The Monarchs — like Eddie and the Cruisers and the Wonders before them — went from Nova Scotia obscurity to a Canadian chart-topping hit, until, as it usually does, it all fell apart. Unlike the Wonders, who never regrouped, and like Eddie and the Cruisers, who eventually did (sort of via the ‘ol Part Duex), the Monarchs reunite for a performance — as the story flashes back to their bygone days of troubled fame.
Hey, what did I know back then: Cannon has their logo on this video-taped spooler and that studio’s rock anthems for the retarded home video rental population: The Apple and Playing for Keeps (okay, the latter is Miramax, but you get the point) worked out okay. Well, not really. But really: this is worse. Way worse. And yes, Incident at Channel Q — which is padded with rock videos spun by a controversial VJ whose TV stations is under seige by the Christian Right — is better. For what’s it’s worth: let that be your critical barometer.
This Canadian television production made its way to U.S. home video shelves for unsuspecting rockers like this writer to rent. So, yeah. There goes another three bucks, wasted, that would have been better spent on a Ron Marchini flick (if only Arctic Warriors had been released to U.S. shores back then) or any Philippines war romp (Hey, did you enjoy our two-part “Philippine War Week” blow out)?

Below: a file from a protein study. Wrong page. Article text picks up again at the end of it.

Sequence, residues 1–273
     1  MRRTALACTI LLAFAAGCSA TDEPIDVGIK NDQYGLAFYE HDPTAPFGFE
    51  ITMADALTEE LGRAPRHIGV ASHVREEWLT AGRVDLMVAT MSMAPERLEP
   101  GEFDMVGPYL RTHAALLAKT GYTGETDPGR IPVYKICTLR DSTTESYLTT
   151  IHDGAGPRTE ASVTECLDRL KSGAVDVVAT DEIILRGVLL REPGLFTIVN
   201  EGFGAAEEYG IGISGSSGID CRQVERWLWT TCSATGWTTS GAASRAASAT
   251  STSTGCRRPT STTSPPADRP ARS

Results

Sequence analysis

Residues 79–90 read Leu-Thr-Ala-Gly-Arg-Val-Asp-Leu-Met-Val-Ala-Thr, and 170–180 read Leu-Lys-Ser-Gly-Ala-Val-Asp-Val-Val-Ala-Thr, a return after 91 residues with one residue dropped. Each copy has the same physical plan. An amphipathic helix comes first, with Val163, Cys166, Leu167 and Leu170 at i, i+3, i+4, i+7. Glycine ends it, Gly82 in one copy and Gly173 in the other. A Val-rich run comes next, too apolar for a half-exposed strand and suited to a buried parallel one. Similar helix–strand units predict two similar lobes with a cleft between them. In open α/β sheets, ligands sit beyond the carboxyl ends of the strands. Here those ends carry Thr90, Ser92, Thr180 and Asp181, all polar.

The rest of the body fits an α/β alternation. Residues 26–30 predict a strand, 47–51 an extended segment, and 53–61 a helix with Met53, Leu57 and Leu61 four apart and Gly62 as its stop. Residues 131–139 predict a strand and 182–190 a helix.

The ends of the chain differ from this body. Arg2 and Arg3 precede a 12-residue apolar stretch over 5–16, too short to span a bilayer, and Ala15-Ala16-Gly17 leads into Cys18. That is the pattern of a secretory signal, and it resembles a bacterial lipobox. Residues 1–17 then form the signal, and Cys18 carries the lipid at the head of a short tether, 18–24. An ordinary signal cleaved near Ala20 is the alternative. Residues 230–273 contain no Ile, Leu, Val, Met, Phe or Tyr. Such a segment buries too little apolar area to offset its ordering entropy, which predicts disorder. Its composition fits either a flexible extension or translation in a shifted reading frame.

So, yeah. This won seven international awards — including The Banff TV Festival “Best Picture” award?
So, uh. Okay, then.
Well, maybe The King of Friday Night is better than my opinion dictates. “Critics’ opinions are divorced from those of the public,” so it has been said. Look, back in my youthful days of yore, “rock flicks,” for me, were analog horror slabs like Rocktober Blood and Blood Tracks and other “No False Metal” ditties that assured me that I was one Iron Maiden-spin away from eternal damnation (that any member of the public with a lick of common sense or quality, wouldn’t like).